We’re not even two full weeks into the 2016 season. I’d give the typical blanket small sample sizes warning, but instead I’d advise reading Mike Podhorzer’s piece from earlier in the week. I agree with the premise of doing nothing, but Mike discusses exceptions (injuries) and readers also brought up exceptions and reasons for making early-season moves in the comments. I routinely draft one to two players who are disabled-list eligible in my leagues so that that I can speculate on players who flash something intriguing in the season’s first few weeks. Chris Tillman is just the type of player I’m talking about. I’m writing this article in advance of his third start of the season Thursday night, so the PITCHf/x data and numbers are from his first two starts. As you’ve probably guessed, the PITCHf/x data is enticing.
Tillman’s first start of the year lasted just two innings due to a lengthy rain delay. Unfortunately, I don’t have Tillman’s ear or any insider sources with the O’s, so I have no idea if he was asked to cut it loose in anticipation of a rain-abbreviated turn. The righty played good ol’ fashion country hard ball in the two-inning turn throwing 15 four-seam fastball, two curves and a pair of cutters in that start, per Brooks Baseball, and his heater was cooking at an average velocity of 94.63 mph. Last year, his four-seam fastball averaged just 92.63 mph, and it hasn’t averaged north of 93 mph since 2012. The extra ticks helped him tally four whiffs on the four-seam fastball. Skepticism is totally understandable, but he was once again lighting up the radar gun in his second start.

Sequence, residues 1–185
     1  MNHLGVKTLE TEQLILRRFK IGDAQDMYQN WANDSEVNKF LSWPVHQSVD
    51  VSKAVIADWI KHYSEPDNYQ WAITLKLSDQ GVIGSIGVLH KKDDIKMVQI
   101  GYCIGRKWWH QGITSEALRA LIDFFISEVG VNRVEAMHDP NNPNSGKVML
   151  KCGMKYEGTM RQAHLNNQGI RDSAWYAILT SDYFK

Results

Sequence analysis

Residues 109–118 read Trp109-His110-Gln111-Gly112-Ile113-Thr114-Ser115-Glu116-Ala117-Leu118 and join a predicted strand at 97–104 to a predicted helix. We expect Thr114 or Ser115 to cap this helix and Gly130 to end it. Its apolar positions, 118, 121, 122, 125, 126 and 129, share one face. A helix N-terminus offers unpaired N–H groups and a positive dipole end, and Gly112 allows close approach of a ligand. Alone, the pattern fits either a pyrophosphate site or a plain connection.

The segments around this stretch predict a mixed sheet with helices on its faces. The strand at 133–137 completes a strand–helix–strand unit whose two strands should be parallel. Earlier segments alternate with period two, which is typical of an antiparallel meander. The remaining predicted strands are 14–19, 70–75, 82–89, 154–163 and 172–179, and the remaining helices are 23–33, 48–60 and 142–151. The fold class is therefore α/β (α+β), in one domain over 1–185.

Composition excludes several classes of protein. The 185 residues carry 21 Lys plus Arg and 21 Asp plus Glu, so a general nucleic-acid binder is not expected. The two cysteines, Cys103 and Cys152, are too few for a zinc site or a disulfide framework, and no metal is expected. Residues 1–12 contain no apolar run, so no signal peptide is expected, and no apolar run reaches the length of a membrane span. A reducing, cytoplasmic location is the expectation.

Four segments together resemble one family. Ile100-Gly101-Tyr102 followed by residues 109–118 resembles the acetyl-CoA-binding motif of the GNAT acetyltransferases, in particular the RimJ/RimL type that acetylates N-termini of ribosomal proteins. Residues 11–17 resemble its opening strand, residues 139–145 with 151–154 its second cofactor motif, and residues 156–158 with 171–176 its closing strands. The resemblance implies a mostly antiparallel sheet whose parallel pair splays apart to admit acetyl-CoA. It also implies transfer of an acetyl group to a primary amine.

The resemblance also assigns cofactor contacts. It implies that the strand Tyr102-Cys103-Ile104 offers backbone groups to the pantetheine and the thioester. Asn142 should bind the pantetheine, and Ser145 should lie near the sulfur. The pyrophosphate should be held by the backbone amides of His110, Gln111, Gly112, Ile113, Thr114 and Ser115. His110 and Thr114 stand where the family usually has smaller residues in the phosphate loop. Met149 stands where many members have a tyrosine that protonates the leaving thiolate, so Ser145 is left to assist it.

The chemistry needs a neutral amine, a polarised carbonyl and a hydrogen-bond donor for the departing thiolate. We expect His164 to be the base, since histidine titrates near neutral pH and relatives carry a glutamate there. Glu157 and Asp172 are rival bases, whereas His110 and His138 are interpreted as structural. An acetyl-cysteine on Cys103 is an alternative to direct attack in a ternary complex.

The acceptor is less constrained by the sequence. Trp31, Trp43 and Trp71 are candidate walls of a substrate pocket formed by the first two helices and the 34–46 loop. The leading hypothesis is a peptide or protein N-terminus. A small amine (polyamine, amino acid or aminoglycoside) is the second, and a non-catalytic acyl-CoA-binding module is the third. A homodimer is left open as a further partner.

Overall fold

On April 8th, Tillman pitched five innings allowing four hits, two walks and one earned run with five strikeouts against the Rays. His heater was still sizzling averaging 93.53 mph, and he used his sinker as well which averaged 93.36 mph. Through two starts, Tillman’s four-seam fastball has generated 11 empty swings on 50 thrown and is up 1.23 mph on average from last year, and his sinker’s velocity is up 1.24 mph this year and has two whiffs on 15 thrown. The velocity alone is noteworthy, and the good news is that it doesn’t appear to be the result of a hot gun at Camden Yards in his first two turns. If anything, the gun might be a bit cold in Baltimore, according to the info at Brooks Baseball.
The extra oomph on the heater isn’t the only thing to like in the 27-year-old’s PITCHf/x profile, either. Tillman’s changeup has netted three whiffs on 15 thrown, and all of the changeups that have been put in play have been worm burners. The righty’s curve hasn’t missed a single bat on the dozen he’s thrown, but only two cuts have been taken against the pitch and resulted in a pair of foul balls. The veteran pitcher’s repertoire is rounded out by a cutter he’s throwing more frequently out the chute with an 11.54% usage rate. It has generated a pair of empty swings on 12 thrown. Overall, Tillman has 18 whiffs on 104 pitches thrown (17.3% whiff rate), and his swinging strike rate sits at 15.2% through two turns (10.4% league average). His total pitch count is the equivalent of one full, good start, so don’t go too crazy. That said, in the three years prior to Tillman’s clunker 2015 campaign, he earned — with the aid of good luck, according to his ERA estimators — a 3.42 ERA and 1.19 WHIP in 82 starts spanning 499.2 innings. There are worse players to speculate on than a pitcher who’s had previous success in his mid-20s and was a highly-touted prospect.
You can follow Josh on Twitter @bchad50.